Sir Simon Rattle conducts a Mozart Gala at the 2005 New Year’s Eve Concert

31 Dec 2005
New Year’s Eve Concert

Berliner Philharmoniker
Sir Simon Rattle

Emanuel Ax, Christiane Oelze, Magdalena Kožená, Camilla Nylund, John Relyea, Gerald Finley

  • Wolfgang Amadeus Mozart
    Le nozze di Figaro, K. 492: Overture (5 min.)

  • Wolfgang Amadeus Mozart
    Concerto for Piano and Orchestra No. 9 in E flat major, K. 271 “Jenamy” (33 min.)

    Emanuel Ax Klavier

  • Wolfgang Amadeus Mozart
    Symphony No. 38 in D major, K. 504 “Prague” (33 min.)

  • Wolfgang Amadeus Mozart
    Le nozze di Figaro, K. 492: Finale (20 min.)

    Christiane Oelze Soprano (Susanna), Magdalena Kožená Mezzo-soprano (Cherubino), Camilla Nylund Soprano (Countess Almaviva), John Relyea Baritone (Figaro), Burkhard Ulrich Bass (Basilio), Gerald Finley Baritone (Count Almaviva), Gerald Finley Baritone (Count Almaviva), Konstantin Wolff

  • Wolfgang Amadeus Mozart
    Ave verum corpus, K. 618 (7 min.)

The 250th anniversary of Mozart’s birth fell on 27 January 2006. In order to pre-empt the occasion Sir Simon Rattle had prepared an all-Mozart programme for the New Year’s Eve Concert of the Berliner Philharmoniker on 31 December 2005. He and his orchestra were aided and abetted by a team of internationally acclaimed vocal soloists and by the American star pianist Emanuel Ax.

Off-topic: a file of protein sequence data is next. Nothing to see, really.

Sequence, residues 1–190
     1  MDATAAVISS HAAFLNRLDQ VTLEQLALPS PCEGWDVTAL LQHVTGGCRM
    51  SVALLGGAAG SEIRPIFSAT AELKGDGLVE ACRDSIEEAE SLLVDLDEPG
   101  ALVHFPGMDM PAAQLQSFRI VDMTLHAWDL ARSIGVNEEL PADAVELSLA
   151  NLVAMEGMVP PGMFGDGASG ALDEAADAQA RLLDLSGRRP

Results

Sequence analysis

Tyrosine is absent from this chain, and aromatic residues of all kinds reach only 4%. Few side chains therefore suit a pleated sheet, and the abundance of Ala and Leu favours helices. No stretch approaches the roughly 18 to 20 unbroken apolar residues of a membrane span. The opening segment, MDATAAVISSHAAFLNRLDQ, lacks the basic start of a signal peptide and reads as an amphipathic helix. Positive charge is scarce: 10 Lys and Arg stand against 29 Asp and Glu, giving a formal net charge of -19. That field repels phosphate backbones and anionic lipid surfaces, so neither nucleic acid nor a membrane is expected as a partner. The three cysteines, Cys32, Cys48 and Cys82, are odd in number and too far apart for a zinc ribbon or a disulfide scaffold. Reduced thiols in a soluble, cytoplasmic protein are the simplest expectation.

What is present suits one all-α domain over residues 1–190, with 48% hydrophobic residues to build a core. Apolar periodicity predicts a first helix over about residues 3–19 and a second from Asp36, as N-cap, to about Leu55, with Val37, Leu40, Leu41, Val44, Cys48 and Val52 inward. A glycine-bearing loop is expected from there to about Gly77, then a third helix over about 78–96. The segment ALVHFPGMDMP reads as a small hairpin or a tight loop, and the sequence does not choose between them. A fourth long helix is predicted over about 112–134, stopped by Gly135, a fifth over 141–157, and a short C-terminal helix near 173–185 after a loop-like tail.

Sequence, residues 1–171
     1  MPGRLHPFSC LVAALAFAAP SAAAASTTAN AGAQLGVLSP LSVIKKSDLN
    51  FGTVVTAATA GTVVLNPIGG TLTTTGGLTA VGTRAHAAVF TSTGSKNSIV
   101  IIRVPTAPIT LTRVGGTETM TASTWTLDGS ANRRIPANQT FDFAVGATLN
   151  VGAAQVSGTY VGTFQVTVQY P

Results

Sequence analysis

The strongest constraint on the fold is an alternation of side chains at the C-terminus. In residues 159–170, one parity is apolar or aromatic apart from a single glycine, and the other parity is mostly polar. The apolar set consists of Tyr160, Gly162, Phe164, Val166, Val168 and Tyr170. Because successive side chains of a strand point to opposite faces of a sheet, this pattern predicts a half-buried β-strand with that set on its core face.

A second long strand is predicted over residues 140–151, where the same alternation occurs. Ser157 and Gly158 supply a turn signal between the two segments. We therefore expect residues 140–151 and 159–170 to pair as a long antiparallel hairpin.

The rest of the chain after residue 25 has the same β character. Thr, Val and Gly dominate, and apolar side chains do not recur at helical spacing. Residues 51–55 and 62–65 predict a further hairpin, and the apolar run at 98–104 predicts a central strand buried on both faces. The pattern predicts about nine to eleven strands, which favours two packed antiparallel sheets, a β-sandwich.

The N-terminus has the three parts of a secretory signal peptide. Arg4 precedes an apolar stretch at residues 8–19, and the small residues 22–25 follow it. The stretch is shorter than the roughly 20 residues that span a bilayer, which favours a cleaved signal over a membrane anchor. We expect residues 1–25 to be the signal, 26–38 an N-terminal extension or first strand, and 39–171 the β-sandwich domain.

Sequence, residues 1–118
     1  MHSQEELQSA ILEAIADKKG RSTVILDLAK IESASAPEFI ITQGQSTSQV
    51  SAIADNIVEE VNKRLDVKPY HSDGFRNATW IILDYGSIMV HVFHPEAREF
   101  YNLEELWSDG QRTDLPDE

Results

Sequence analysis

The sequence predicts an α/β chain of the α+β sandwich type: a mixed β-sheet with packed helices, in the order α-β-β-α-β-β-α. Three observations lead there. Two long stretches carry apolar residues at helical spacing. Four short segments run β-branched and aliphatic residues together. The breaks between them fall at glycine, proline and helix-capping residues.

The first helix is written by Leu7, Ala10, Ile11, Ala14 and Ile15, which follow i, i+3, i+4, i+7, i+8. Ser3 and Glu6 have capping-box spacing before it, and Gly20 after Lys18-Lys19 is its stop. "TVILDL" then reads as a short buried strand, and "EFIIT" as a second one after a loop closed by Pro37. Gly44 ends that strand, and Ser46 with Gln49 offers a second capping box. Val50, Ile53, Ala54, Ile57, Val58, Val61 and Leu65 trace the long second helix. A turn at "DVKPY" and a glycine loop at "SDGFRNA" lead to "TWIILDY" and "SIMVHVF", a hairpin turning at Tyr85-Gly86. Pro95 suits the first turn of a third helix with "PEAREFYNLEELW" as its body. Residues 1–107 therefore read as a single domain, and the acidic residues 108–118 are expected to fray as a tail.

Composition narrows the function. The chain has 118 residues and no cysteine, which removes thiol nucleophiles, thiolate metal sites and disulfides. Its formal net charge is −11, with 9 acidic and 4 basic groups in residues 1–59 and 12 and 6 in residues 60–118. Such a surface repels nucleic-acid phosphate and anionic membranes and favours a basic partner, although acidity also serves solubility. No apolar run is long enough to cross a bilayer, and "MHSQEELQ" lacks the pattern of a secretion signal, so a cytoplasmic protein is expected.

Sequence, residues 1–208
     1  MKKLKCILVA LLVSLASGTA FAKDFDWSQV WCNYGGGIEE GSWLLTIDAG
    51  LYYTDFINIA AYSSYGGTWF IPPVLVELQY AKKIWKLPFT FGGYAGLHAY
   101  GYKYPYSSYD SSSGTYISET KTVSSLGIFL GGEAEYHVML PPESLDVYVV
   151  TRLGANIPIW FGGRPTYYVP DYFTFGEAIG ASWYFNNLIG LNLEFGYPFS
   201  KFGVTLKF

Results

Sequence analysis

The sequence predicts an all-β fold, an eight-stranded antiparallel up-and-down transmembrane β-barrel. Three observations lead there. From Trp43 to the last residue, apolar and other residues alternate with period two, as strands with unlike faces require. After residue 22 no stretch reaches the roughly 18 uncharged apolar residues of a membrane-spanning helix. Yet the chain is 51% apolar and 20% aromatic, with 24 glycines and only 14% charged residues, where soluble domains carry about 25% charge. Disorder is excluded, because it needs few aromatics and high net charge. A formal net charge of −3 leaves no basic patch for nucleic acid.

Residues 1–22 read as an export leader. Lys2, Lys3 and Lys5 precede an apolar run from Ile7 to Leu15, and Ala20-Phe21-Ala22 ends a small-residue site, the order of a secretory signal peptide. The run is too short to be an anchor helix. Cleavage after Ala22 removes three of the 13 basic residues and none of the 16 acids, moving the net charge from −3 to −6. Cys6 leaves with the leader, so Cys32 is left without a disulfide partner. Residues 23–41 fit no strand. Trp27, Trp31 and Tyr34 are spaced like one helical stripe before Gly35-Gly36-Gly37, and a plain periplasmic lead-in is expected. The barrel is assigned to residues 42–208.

The programme was framed by the overture and final scene from the both entertaining and complex opera Le nozze di Figaro, a work that was less than a resounding success when performed for the first time in Vienna in May 1786. Not until it was staged in Prague in the November of that year did the opera achieve its breakthrough, prompting Mozart to write to one of his pupils in Vienna, striking a note of pride: “Here they talk of nothing but – Figaro; nothing is played, sung or whistled except – Figaro: no opera is as well attended as – Figaro and nothing but Figaro.”

The D major Symphony K 504 that Mozart also took with him to Prague was likewise enthusiastically received in the city and continues to be known as his Prague Symphony. Sir Simon Rattle’s performance of its opening movement at his New Year’s Eve Concert in 2005 was particularly admired by the press. According to the Berliner Zeitung, “Rattle brings out the element of inchoate formlessness and unfathomability that lies at the origin of this movement, bringing off an artistic feat that goes far beyond the merely interesting.” There is no doubt that this concert was a worthy start to a year in which the entire world was to recall and honour the genius from Salzburg.


© 2005 EuroArts Music International

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